Time to Stop Thinking I Can Catch Up on Sleep
Many of us live – or have lived – by the concept that you can catch up on sleep later. This lets us starve ourselves of sleep for several days because we know we can be gluttonous about it later. Anyone who (grudgingly) wakes up to an alarm clock every weekday and sleeps in on weekends is functioning on this concept.
I have done that very thing for many years. I’d stay up late to get things done and get up early to go to work. After all, I could catch up on sleep on the weekends, right? As it turns out, nope, that’s not a good idea at all.
Research on Trying to Catch Up on Sleep
A study published in the Journal of Sleep Research examined our ability to catch up on sleep on our days off. It questioned the effectiveness of this strategy. It indicated that by being sleep deprived during the week with the intention of catching up on days off comes with health risks. It also fails to bring on some of the top benefits often associated with regular restful sleep.
This means that when all is said and done, while it might feel nice to stay in bed late on weekends, it’s not possible to fully catch up on sleep. Instead, if you spend your weekdays short on sleep, you’re risking the symptoms of sleep deprivation. These include heightened health risks during your work week – especially heart health risks and weight – and even a threat of a shortened life.
New Research Supports Previous Studies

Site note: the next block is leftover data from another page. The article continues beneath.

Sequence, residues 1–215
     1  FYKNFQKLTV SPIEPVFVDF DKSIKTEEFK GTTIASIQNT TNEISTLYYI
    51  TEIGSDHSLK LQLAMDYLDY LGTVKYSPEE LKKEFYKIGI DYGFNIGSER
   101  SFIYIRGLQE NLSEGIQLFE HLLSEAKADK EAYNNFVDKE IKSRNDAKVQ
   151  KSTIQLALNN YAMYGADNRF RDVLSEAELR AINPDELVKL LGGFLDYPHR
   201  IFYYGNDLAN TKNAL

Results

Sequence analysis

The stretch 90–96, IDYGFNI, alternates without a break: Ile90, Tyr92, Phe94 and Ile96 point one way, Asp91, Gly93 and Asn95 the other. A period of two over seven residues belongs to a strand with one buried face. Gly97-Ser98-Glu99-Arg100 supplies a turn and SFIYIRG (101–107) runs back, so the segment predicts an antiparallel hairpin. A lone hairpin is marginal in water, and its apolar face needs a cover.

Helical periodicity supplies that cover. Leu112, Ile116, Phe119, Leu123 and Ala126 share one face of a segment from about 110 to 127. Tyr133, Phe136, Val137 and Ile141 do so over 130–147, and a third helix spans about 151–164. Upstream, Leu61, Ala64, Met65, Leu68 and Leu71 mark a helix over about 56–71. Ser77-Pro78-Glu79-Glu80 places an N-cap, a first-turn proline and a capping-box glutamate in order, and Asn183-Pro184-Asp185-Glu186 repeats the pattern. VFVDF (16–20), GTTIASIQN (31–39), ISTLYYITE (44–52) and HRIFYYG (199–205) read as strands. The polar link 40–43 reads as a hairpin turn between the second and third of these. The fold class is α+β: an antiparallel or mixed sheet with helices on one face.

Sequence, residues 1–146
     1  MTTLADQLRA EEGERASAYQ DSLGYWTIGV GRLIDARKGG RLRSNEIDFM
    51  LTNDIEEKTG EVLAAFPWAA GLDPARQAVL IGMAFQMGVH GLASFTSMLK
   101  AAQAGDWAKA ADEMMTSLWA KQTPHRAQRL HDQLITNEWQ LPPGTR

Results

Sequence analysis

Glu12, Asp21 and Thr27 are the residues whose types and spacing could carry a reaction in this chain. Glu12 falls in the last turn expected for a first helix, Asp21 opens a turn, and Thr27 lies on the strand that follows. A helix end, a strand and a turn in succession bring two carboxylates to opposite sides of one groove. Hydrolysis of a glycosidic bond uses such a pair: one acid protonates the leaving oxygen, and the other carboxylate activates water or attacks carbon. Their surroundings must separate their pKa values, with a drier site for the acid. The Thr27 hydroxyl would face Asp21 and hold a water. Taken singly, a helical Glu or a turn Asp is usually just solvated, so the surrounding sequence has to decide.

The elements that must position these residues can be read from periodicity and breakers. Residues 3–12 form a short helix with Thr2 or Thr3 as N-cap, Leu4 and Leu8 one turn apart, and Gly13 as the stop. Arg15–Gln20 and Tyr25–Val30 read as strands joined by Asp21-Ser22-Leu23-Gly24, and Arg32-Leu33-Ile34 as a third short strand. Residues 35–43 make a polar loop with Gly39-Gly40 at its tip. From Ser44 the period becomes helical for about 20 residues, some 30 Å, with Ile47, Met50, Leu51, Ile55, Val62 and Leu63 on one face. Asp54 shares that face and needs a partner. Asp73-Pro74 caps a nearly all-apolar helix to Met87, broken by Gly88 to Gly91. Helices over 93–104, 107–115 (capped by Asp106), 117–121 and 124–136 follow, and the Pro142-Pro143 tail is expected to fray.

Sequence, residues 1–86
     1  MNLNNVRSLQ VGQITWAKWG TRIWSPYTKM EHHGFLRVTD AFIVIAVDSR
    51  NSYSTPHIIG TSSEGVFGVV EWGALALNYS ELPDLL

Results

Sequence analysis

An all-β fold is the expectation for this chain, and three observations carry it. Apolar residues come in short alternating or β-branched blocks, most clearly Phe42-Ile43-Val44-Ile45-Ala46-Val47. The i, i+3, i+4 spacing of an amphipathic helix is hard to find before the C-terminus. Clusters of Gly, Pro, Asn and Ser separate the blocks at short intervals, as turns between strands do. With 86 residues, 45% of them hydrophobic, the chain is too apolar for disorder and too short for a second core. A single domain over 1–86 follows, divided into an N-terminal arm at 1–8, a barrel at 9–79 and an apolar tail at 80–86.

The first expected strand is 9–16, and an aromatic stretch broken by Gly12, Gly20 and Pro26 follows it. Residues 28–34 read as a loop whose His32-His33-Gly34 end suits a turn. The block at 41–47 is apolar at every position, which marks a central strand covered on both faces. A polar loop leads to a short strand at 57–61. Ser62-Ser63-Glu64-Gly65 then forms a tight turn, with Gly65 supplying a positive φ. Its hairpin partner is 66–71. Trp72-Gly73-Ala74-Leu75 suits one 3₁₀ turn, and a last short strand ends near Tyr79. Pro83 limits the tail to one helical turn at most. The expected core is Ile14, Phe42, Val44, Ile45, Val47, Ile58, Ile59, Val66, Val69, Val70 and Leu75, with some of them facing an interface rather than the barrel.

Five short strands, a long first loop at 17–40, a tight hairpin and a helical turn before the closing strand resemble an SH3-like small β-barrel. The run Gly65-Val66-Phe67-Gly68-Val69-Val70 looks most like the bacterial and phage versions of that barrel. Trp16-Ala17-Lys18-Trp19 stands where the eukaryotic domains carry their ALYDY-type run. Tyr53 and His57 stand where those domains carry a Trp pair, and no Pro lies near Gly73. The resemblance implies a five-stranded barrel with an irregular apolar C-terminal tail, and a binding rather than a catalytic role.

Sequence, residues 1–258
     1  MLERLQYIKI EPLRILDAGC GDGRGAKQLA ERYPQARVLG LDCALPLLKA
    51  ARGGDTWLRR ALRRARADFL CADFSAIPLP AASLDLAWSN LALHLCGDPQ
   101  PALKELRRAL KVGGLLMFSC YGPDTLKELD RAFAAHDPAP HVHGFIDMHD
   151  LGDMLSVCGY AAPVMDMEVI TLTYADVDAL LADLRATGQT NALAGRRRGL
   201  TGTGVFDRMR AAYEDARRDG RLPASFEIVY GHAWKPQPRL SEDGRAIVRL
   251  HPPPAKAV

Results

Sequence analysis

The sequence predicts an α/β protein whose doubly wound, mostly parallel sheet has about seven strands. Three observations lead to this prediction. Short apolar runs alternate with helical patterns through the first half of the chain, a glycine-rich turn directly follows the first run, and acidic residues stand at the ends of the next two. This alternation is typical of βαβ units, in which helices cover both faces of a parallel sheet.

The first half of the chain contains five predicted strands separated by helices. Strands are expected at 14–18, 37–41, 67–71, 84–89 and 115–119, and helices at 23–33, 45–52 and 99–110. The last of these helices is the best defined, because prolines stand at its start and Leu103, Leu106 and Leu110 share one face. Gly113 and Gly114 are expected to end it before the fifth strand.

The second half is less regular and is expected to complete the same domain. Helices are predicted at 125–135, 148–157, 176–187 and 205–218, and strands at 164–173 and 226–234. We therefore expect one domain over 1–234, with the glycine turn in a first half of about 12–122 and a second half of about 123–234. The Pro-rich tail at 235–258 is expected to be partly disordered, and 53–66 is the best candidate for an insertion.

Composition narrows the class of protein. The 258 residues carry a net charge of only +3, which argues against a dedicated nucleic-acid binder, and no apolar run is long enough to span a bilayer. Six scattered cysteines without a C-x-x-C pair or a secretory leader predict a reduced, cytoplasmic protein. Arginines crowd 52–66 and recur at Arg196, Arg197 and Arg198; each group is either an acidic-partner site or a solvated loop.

A new study published in the Current Biology journal has only added more evidence to show that you can’t catch up on sleep. Once it’s lost, it’s gone. Extra rest on the weekend can help you to be more well rested on those days, however, it is not enough to make up for consistently lost sleep throughout the week. The research also pointed out that “benefits of weekend recovery sleep are transient.”
It doesn’t take much for lost sleep to impact you. Even an hour – such as from the recent Daylight-Saving Time that affected many of us – can make a difference in sleep deprivation. Even if you lose an hour one day and gain an hour on another, it doesn’t work out the same way it would as if you were saving money in the bank. An hour lost doesn’t equate to an hour gained.
Lost Sleep Isn’t Recovered in the Same Time Span
You can’t catch up on sleep hour by hour. Research indicates that even one hour of lost sleep during the night takes about four nights of adequate rest in order to catch up. When it comes to sleep, math is very complex, and researchers say that a span of two days is simply mathematically impossible when it comes to catching up on lost rest.
The lesson: make sleep a priority every night so catching up won’t be (as) necessary.